Discussion in 'Eastern Philosophy' started by Beaconator, Feb 17, 2017.
what is eastern exactly?
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FIRST OF ALL, PEOPLE WHO WANT TO LEARN THE BASIC FUNDAMENTALS OF HINDU MYSTICISM AND PHILOSOPHY WOULD FIND MY ANSWER TO BE IN ACCORDANCE TO THE BASIC PRINCIPLES AND REQUIREMENTS OF THE PERSON ASKING THIS QUESTION.
SPEAKING AS A HINDI, LIVING IN INDIA, LET ME JUST TELL YOU WHAT THE HINDU RELIGION AND PHILOSOPHY ( Hindu scriptures are filled with incredibly rich philosophy which can be used in daily life ).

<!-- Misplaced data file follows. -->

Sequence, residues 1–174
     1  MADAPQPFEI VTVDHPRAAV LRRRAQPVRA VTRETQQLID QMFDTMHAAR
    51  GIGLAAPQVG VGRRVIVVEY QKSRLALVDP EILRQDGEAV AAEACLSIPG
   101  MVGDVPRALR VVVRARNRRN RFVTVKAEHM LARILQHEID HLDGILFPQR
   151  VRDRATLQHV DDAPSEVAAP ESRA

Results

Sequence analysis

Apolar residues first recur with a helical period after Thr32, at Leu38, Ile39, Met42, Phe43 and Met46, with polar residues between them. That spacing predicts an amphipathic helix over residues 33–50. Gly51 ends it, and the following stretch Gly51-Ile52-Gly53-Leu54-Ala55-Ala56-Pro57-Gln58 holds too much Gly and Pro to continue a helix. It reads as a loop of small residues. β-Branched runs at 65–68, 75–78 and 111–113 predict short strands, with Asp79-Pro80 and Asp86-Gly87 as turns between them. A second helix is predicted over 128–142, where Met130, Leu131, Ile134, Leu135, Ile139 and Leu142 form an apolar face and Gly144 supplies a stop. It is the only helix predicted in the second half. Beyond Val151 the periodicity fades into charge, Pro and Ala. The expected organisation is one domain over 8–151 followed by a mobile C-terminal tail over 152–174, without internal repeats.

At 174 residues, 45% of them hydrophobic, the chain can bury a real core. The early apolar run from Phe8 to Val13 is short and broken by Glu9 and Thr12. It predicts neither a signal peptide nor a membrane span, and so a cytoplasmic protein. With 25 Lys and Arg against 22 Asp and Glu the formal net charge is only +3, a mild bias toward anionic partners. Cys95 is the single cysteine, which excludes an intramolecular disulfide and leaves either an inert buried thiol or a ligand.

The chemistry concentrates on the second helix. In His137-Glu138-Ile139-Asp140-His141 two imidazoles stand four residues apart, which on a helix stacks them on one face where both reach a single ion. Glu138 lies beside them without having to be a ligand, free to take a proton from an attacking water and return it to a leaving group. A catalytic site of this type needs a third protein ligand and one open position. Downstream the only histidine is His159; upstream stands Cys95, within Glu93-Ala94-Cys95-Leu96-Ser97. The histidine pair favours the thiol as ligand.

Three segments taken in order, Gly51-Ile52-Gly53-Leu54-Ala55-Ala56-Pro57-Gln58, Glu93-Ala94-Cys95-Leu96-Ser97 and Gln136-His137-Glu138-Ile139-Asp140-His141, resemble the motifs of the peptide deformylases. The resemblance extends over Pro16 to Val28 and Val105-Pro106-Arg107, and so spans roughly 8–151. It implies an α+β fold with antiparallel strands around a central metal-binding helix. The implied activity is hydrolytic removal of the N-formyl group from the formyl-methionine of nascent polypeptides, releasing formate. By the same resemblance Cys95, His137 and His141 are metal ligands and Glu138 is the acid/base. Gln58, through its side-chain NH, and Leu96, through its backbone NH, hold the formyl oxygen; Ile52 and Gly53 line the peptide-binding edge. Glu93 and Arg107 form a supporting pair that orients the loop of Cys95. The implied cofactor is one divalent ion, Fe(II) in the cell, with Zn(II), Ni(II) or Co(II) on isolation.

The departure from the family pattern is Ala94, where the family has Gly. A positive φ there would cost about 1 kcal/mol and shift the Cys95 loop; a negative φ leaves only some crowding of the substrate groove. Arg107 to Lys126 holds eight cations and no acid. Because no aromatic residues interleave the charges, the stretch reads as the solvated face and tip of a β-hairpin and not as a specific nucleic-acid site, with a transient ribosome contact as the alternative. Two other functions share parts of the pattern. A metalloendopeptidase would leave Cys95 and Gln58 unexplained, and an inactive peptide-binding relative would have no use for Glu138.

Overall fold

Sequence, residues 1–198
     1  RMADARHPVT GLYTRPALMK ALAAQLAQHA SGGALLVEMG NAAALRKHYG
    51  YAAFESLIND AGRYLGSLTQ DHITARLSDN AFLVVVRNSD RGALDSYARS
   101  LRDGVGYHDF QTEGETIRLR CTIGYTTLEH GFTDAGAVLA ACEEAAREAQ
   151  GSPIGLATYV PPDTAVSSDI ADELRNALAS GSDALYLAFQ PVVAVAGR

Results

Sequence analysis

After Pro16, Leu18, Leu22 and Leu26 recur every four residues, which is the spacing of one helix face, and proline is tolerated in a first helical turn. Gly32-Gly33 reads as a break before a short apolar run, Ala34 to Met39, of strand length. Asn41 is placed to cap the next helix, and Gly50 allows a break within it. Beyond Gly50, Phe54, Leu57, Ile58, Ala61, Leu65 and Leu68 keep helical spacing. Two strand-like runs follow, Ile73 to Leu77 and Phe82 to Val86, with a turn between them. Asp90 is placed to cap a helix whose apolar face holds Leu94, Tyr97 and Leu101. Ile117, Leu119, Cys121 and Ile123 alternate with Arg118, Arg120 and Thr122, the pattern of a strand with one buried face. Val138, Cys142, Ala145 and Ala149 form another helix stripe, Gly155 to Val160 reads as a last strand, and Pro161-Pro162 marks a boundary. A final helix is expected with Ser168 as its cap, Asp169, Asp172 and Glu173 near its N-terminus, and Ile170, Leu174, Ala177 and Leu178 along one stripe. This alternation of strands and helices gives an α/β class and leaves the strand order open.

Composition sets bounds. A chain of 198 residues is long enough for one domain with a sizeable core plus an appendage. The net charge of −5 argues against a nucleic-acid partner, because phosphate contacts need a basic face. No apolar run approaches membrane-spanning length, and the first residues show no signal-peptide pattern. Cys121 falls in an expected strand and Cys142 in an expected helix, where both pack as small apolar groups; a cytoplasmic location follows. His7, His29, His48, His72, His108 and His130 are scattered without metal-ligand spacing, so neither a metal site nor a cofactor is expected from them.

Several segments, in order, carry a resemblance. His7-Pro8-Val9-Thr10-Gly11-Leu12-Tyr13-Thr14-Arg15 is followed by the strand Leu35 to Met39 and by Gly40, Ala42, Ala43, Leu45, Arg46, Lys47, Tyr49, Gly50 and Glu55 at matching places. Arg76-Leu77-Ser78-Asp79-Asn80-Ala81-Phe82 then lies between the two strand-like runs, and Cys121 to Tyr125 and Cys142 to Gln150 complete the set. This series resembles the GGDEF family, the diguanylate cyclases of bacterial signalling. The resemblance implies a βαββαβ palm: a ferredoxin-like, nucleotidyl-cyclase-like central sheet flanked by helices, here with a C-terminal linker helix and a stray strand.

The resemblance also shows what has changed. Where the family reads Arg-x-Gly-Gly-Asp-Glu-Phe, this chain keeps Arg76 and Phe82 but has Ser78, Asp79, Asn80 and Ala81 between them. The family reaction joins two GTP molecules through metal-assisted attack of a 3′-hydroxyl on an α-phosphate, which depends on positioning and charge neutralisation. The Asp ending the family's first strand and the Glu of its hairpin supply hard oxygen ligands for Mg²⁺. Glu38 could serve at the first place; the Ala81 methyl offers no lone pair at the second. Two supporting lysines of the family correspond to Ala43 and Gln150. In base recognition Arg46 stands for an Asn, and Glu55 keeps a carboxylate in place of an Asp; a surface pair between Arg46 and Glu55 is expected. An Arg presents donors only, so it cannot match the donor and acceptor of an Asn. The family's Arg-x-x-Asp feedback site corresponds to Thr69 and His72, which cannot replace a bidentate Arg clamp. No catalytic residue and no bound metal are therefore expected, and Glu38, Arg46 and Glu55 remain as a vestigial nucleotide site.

Some of the basic principles are as follows -
1. Principle number 1 - LIFE IS A SUFFERING, BECAUSE WE CHASE AFTER MATERIAL OBJECTS ( MAYA )
The root cause of suffering is desire and attachment to worldly influences ( money, sex, family, power etc etc ) which is termed as MAYA by hindu teachers. As long as a human being chases behind these worldly forces, he will find his mind constantly filled with jealously, negativity, depression and sorrow. The end result of all life is to break free from the "maya" and experience the ultimate reality behind life. This liberation from "being human"- if you may is termed as attaining NIRVANA and reaching MOKSHA.
#Easier said than done, obviously.
2. Principle number 2 - THE ONLY WAY TO LIBERATE FROM SUFFERING IS BY BECOMING "THE PERFECT MAN" ( discussed below )